It may be too late to turn around a disappointing season, but the Green Bay Packers 34-20 win over the Atlanta Falcons was an emotional one for the players and the coaching staff. For the first time since 2005, the Packers someone other than Mike McCarthy running the show. The team clearly felt loyalty towards interim head coach Joe Philbin and respected what he was able to accomplish this week under difficult circumstances.
“Everybody just bought in. You could feel it around the locker room you could feel it in practice, everybody just bought in to what Joe was giving us,” veteran defensive back Bashaud Breeland said after the game. “He took control the moment that he stepped in. It was a glorious moment for him tonight for him to get this win.”
While the difference was subtle, the team could feel that there were changes and they responded to the challenges of replacing a veteran coach late in the season.
“For Mike to be let go with four games left, that’s a lot of change from an organizational standpoint,” explained linebacker Clay Matthews. “[Joe Philbin] came in here and took control, implementing things his way, told us what he expects. That’s difficult 13, 14 games into the season. What Joe did this past week was really important.”
The result on the field was a shakeup of the status quo and refocusing of energy and commitment by the players. The offense seemed to be more efficient and quicker and the team made more of the small plays that had eluded them too often over the course of this frustrating season.
On third down, for example, the Packers finished 7-of-13, substantially better than the 3-for-14 mark they had a week ago against the Cardinals. The offense also seemed to be in rhythm with each player knowing their responsibilities and their approach.
“It was like we hit the restart button a little bit, said wideout Davante Adams. “Nothing drastic happened but it was just more a mentality and how we had to approach this game. Having a new coach, we wanted to make sure we were buying what he set forth for us as a game plan.”
The way the Falcons played defense helped as well. “There was a decent amount of man coverage, so it allows you to be a little more decisive, you kind of know where you’re going at the snap,” quarterback Aaron Rodgers said. “Not a lot of reading defenders, you just pick a matchup you like.”
Rodgers’ longest pass of the day was just 24 yards and he finished with fewer than 200 yards passing for the game, but he was able to establish a rhythm and move the ball consistently whenever the team needed to pick up key yards. The team also seemed to scheme receivers open, using formations that helped get players in the clear just long enough to complete a quick pass.
“We put ourselves in good positions. We didn’t hurt ourselves like we did in the past,” said Randall Cobb. “I felt like the game was kind of in rhythm. That comes from executing plays and keeping ourselves in composition.”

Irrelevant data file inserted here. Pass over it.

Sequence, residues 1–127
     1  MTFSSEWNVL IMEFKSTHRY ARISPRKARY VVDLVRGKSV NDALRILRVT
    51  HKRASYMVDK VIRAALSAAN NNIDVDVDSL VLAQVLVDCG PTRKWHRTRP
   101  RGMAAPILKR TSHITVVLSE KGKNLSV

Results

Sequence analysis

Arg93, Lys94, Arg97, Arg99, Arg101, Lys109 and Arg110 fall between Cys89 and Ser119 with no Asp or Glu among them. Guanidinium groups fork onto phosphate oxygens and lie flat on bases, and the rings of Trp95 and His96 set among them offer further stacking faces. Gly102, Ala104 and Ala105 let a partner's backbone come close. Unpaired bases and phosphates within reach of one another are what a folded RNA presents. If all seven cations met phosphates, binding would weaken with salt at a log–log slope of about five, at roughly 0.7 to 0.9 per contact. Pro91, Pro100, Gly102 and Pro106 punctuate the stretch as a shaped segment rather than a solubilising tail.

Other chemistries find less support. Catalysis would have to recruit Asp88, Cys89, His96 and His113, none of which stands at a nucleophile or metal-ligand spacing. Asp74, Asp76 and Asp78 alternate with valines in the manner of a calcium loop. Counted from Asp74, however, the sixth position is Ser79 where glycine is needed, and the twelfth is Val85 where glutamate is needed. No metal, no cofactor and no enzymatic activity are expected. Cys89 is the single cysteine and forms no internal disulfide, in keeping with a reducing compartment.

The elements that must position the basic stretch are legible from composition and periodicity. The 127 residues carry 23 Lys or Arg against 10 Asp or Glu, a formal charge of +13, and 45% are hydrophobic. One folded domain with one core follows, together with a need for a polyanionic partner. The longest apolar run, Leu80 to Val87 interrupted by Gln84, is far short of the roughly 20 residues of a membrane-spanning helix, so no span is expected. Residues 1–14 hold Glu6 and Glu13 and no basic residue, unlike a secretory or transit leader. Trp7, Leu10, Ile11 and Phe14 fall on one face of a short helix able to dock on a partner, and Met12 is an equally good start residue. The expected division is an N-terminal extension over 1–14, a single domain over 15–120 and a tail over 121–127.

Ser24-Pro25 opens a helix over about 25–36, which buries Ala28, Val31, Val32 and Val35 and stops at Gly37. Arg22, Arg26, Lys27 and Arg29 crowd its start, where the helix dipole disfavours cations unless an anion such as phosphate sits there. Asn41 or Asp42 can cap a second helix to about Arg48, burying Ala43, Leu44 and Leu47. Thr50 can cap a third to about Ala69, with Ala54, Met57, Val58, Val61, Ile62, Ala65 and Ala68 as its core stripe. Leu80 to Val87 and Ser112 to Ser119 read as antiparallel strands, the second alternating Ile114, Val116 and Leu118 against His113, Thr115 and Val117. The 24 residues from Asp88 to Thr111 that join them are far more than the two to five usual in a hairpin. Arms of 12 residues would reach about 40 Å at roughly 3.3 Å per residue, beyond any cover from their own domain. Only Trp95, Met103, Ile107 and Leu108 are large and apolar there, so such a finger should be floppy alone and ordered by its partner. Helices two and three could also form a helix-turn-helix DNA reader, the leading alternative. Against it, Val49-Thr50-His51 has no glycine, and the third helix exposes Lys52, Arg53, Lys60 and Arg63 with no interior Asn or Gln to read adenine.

The players also clearly felt a devotion and a loyalty to Philbin and to each other. “Joe’s been a part of a lot of great wins around here and a lot of incredible moments over the years as offensive coordinator,” Rodgers said. “It’s fun to give him his first win as the head coach. He’s a passionate guy he really cares about the guys. He’s in a tough situation this week with change and trying to get the right messages across to get the guys motivated…I think Joe deserves a lot of credit for the vision he set forth this week.”
The players even saw the bright side of Philbin’s decision to use up both of his challenges when the game was just three plays old. Neither play was overturned, and the Packers were without a challenge for the remaining 59 minutes of the contest. “It made a statement that I’ve got my guys’ back,” Tramon Williams told reporters. “Those plays can be game changers. We didn’t get the shake, but I thought they were good challenges.”
For Philbin, this was not an easy situation. He has loyalty to McCarthy, his former boss, and he realizes that being an interim head coach is a difficult task, especially when the organization hasn’t made a coaching change in more than a decade.
He was quick to credit his players. “I don’t know that we did anything magically different than we had before. It’s just when the players make more plays it’s a little bit easier, it looks a little better.”
When Philbin took stock of all that had transpired since last Sunday, he clearly understood that this game was different for both him and his team. “It was an emotional week, we all know that, and I feel very happy for the organization, the players and the staff and everybody that works so hard to make this a unique place,” Philbin said. “There was a lot of emotion. I told the team and meant it that I was very proud to be their head coach today.”
Perhaps running back Aaron Jones summed up the difference this week for the Packers best. “We were just locked in, more focused on third down…We just all wanted to win, we all bought in and we were deterimined to get this ‘W’.”